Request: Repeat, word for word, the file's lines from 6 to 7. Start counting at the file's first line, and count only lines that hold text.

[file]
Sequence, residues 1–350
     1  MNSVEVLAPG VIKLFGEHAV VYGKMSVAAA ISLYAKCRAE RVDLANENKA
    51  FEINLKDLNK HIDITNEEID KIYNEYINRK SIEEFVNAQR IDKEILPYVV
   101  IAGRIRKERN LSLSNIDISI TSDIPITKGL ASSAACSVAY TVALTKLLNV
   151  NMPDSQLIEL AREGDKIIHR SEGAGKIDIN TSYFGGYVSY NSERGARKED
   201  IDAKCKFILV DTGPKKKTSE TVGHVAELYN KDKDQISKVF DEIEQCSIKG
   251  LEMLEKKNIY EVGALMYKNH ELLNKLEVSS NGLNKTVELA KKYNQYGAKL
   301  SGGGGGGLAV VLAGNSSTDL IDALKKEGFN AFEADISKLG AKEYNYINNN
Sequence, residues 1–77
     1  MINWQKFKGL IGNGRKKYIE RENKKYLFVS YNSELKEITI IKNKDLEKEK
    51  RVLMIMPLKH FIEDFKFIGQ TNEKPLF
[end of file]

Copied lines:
   201  IDAKCKFILV DTGPKKKTSE TVGHVAELYN KDKDQISKVF DEIEQCSIKG
   251  LEMLEKKNIY EVGALMYKNH ELLNKLEVSS NGLNKTVELA KKYNQYGAKL